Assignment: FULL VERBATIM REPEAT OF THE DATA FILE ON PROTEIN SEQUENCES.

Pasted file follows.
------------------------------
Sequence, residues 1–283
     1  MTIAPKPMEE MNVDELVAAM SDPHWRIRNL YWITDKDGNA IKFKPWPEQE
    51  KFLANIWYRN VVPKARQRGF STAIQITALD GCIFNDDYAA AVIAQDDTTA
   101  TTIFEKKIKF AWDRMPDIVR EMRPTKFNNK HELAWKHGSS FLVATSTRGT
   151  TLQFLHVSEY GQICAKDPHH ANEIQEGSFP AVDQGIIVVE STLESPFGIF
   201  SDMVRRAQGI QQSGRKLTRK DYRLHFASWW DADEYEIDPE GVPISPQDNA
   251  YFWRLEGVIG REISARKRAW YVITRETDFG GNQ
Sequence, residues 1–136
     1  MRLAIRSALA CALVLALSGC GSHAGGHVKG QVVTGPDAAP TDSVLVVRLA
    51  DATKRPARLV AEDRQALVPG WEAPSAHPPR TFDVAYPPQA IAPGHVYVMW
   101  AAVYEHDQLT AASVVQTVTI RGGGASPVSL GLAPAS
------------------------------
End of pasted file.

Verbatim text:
Sequence, residues 1–283
     1  MTIAPKPMEE MNVDELVAAM SDPHWRIRNL YWITDKDGNA IKFKPWPEQE
    51  KFLANIWYRN VVPKARQRGF STAIQITALD GCIFNDDYAA AVIAQDDTTA
   101  TTIFEKKIKF AWDRMPDIVR EMRPTKFNNK HELAWKHGSS FLVATSTRGT
   151  TLQFLHVSEY GQICAKDPHH ANEIQEGSFP AVDQGIIVVE STLESPFGIF
   201  SDMVRRAQGI QQSGRKLTRK DYRLHFASWW DADEYEIDPE GVPISPQDNA
   251  YFWRLEGVIG REISARKRAW YVITRETDFG GNQ
Sequence, residues 1–136
     1  MRLAIRSALA CALVLALSGC GSHAGGHVKG QVVTGPDAAP TDSVLVVRLA
    51  DATKRPARLV AEDRQALVPG WEAPSAHPPR TFDVAYPPQA IAPGHVYVMW
   101  AAVYEHDQLT AASVVQTVTI RGGGASPVSL GLAPAS